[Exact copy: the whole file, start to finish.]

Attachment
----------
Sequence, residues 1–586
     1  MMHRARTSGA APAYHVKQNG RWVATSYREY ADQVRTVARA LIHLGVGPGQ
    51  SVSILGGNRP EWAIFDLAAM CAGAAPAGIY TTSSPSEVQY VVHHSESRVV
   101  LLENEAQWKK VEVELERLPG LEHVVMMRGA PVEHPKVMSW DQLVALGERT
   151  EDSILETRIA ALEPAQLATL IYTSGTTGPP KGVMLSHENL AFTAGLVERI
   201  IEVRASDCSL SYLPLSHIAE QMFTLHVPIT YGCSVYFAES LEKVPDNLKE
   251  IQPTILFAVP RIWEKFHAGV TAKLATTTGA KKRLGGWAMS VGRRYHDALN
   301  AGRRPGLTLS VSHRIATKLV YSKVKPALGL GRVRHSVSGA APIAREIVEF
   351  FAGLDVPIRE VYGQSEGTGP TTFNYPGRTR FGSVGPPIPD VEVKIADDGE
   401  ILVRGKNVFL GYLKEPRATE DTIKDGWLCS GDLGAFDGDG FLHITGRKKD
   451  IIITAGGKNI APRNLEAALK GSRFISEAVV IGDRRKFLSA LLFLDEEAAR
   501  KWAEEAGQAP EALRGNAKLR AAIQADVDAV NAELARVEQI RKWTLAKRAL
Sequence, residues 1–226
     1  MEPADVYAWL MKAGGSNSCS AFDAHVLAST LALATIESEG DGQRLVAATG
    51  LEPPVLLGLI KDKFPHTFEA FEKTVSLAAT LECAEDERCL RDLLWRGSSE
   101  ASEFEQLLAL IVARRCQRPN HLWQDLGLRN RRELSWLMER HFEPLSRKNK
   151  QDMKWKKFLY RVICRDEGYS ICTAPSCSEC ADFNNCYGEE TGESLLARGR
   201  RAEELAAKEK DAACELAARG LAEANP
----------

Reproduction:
Sequence, residues 1–586
     1  MMHRARTSGA APAYHVKQNG RWVATSYREY ADQVRTVARA LIHLGVGPGQ
    51  SVSILGGNRP EWAIFDLAAM CAGAAPAGIY TTSSPSEVQY VVHHSESRVV
   101  LLENEAQWKK VEVELERLPG LEHVVMMRGA PVEHPKVMSW DQLVALGERT
   151  EDSILETRIA ALEPAQLATL IYTSGTTGPP KGVMLSHENL AFTAGLVERI
   201  IEVRASDCSL SYLPLSHIAE QMFTLHVPIT YGCSVYFAES LEKVPDNLKE
   251  IQPTILFAVP RIWEKFHAGV TAKLATTTGA KKRLGGWAMS VGRRYHDALN
   301  AGRRPGLTLS VSHRIATKLV YSKVKPALGL GRVRHSVSGA APIAREIVEF
   351  FAGLDVPIRE VYGQSEGTGP TTFNYPGRTR FGSVGPPIPD VEVKIADDGE
   401  ILVRGKNVFL GYLKEPRATE DTIKDGWLCS GDLGAFDGDG FLHITGRKKD
   451  IIITAGGKNI APRNLEAALK GSRFISEAVV IGDRRKFLSA LLFLDEEAAR
   501  KWAEEAGQAP EALRGNAKLR AAIQADVDAV NAELARVEQI RKWTLAKRAL
Sequence, residues 1–226
     1  MEPADVYAWL MKAGGSNSCS AFDAHVLAST LALATIESEG DGQRLVAATG
    51  LEPPVLLGLI KDKFPHTFEA FEKTVSLAAT LECAEDERCL RDLLWRGSSE
   101  ASEFEQLLAL IVARRCQRPN HLWQDLGLRN RRELSWLMER HFEPLSRKNK
   151  QDMKWKKFLY RVICRDEGYS ICTAPSCSEC ADFNNCYGEE TGESLLARGR
   201  RAEELAAKEK DAACELAARG LAEANP